It wasn’t the easiest of briefs to task our audience with: sum up New Zealand’s modern identity as a nation through a design that is aesthetically pleasing and can be featured on the panelled face of an umbrella.
But 23-year-old Bonnie Brown relished the challenge and entered her Bloomin ‘Brella pattern in Idealog, Blunt and Generator’s umbrella experiment. The judges agreed that the intricate detailing is what made it the winning design.
While at first glance, Brown’s design may look like a floral print, on closer inspection, the design includes references to important moments from Aotearoa’s history, from the first waka arriving to New Zealand’s shores, to Māori mythology via Māui taming the sun, as well as a suffragette holding a protest sign and a same sex couple holding hands.
“I wanted to create a design that at first glance just looked like a bright floral print in my typical botanically incorrect style, but once you got a chance to look at it closely, then you could see there are different elements woven into the flowers,” Brown explains.
This isn’t to say New Zealand’s history is all sunshine and roses, she says. However, the country’s cultural, social and political history all contributes to New Zealand’s identity and how it is viewed on the world stage – and these key moments all play a part in that.
“I feel like we’re still in the process of figuring out what our modern identity is, and that you must acknowledge that this modern identity is directly influenced by past moments in our history and culture. Having the flowers as symbols of growth and change was important to the design, if perhaps a tad metaphorical, to show that our modern identity will continue to evolve as other moments shape our country.”
Brown’s win was announced at Idealog’s pop-up Design Magazine event held in May at Generator’s Auckland hub, with Brown flying up from Wellington to accept the award. She says having her design turned into an umbrella is both a great endorsement of her work as a designer and her pursuit to turn illustrating into a full-time career.
“There were some real standouts in my mind, and so to be a finalist and then the winner was incredible,” she says. “Considering I’ve only started illustrating and sharing my work recently, it’s a huge motivator to be told that what I am designing is interesting and also commercially viable.”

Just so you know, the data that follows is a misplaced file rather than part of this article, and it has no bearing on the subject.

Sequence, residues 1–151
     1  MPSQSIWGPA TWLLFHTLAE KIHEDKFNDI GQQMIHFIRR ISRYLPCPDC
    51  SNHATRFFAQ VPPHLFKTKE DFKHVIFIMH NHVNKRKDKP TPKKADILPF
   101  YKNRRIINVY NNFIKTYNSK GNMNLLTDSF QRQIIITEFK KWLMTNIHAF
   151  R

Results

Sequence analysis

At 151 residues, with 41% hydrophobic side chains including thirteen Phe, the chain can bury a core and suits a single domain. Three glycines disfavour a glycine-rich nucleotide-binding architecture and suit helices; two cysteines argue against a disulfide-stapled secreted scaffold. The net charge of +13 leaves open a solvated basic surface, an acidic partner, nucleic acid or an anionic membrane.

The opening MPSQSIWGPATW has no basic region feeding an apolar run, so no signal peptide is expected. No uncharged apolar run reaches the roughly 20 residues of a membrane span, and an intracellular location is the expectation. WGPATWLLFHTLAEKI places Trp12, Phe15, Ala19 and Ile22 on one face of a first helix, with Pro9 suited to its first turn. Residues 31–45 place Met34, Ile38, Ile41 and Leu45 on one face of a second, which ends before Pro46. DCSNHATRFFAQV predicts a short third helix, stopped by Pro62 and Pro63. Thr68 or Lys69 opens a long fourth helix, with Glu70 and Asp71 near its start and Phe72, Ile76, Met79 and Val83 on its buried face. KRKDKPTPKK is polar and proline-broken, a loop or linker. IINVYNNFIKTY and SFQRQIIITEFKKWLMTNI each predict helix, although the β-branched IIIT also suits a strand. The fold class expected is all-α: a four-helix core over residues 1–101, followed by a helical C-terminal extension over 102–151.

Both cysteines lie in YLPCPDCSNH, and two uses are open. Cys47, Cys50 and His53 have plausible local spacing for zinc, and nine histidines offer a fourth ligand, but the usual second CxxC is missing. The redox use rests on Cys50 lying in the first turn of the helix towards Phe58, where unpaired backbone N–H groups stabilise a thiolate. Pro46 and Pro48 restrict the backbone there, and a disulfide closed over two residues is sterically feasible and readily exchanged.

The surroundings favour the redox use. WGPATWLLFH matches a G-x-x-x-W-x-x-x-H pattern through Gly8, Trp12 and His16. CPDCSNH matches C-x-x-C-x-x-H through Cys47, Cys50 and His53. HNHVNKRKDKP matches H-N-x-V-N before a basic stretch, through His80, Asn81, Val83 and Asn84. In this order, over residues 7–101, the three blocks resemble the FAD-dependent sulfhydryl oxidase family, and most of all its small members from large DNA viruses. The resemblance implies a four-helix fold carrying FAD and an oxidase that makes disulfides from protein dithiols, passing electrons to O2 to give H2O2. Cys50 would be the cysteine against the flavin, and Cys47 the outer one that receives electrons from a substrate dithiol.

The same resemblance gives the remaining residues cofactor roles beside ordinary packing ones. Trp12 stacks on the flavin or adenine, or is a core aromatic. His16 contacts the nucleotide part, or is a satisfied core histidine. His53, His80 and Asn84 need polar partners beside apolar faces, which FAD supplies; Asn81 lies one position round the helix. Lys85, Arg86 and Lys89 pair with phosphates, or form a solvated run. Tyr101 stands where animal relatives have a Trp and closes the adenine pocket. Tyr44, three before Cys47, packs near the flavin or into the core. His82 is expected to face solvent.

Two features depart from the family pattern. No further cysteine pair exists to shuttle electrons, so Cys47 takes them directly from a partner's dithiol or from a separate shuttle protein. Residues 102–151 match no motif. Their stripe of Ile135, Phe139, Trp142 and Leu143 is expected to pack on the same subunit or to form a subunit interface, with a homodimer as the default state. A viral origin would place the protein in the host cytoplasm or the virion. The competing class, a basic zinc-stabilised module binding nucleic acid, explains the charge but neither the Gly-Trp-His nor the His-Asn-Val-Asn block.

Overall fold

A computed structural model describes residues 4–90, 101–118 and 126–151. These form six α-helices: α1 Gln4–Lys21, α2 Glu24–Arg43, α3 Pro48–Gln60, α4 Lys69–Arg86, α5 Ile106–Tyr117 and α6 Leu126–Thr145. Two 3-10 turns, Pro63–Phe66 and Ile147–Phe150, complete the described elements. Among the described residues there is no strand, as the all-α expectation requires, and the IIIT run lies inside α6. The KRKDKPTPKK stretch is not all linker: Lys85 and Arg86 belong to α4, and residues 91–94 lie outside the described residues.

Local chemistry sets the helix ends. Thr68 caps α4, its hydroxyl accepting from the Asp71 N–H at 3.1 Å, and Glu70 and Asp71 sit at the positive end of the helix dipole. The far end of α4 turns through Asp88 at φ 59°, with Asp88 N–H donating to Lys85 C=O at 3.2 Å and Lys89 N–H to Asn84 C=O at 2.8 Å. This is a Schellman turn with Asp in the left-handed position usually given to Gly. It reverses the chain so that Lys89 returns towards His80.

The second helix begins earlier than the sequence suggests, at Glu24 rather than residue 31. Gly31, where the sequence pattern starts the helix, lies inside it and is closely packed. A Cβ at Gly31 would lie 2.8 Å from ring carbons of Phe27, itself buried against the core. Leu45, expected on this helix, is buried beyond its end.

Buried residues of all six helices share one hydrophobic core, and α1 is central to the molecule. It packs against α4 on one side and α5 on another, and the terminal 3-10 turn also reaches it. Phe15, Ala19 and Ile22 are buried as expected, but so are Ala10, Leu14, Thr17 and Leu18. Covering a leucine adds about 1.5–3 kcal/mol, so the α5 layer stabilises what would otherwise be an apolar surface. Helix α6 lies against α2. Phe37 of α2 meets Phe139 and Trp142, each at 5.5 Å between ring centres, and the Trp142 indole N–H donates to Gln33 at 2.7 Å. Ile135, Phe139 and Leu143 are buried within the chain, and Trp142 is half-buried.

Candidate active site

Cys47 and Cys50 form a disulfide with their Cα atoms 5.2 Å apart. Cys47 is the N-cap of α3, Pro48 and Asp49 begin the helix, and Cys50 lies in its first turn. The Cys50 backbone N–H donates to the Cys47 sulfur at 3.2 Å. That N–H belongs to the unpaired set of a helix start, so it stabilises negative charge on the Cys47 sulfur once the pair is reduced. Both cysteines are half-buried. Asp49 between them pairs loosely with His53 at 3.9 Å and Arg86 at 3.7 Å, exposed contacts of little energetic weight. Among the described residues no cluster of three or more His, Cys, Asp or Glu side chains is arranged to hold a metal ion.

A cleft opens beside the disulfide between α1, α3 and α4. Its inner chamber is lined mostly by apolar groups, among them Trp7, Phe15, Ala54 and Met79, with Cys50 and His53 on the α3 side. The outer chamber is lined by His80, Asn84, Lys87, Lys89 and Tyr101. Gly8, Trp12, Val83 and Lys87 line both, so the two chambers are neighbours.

Coming into bloom
Brown grew up in Wellington and has always loved drawing, but decided to study architecture when she left school as a secure career prospect in the creative industries.
“I had studied architecture as a bit of safety net in that it combined creativity and promised more job security than pursing art,” Brown says. “Coming from a very low-income family, the financial security was appealing, but I’ve since realised that a lot of success just comes down to hard work, and luck, in any field.”
However, Brown wasn’t feeling fulfilled working at an architectural firm and begun sharing her illustrations on Instagram through the handle @Studio.Bon as a creative outlet.
People responded positively to her work from around the world, with international leather goods brand The Daily Edited approaching her to do some illustrations for a department store in Singapore.
Brown realised she might be able to make a career out of it, so in she 2017, she took a leap of faith, left her architecture gig and begun freelancing alongside a regular 9-till-5 job.
In the past year, she has done illustration work for Innocent Packaging, the World of Wearable Arts Shopping Guide, Miss FQ Magazine, PR company Showroom 22, Goodness Boutique, Wellington Woman Magazine, and more. She also illustrates brands, celebrities and bloggers that inspire her on her Instagram as a passion project, which has more than 3000 followers.
Brown says the goal is to make Studio Bon a full-time gig, and so far, she’s not too far off.
“I’m in the hustle stage where any minute I’m not working at my second job, I’m working on Studio Bon,” Brown says. “I’m extremely lucky in that I’ve only been working on my illustration seriously in the last year and I’ve already had the opportunity to work with some pretty cool local and international brands and businesses. The dream goal – no doubt for any illustrator – is a New Yorker cover, so I’ll keep on working until I get there.”
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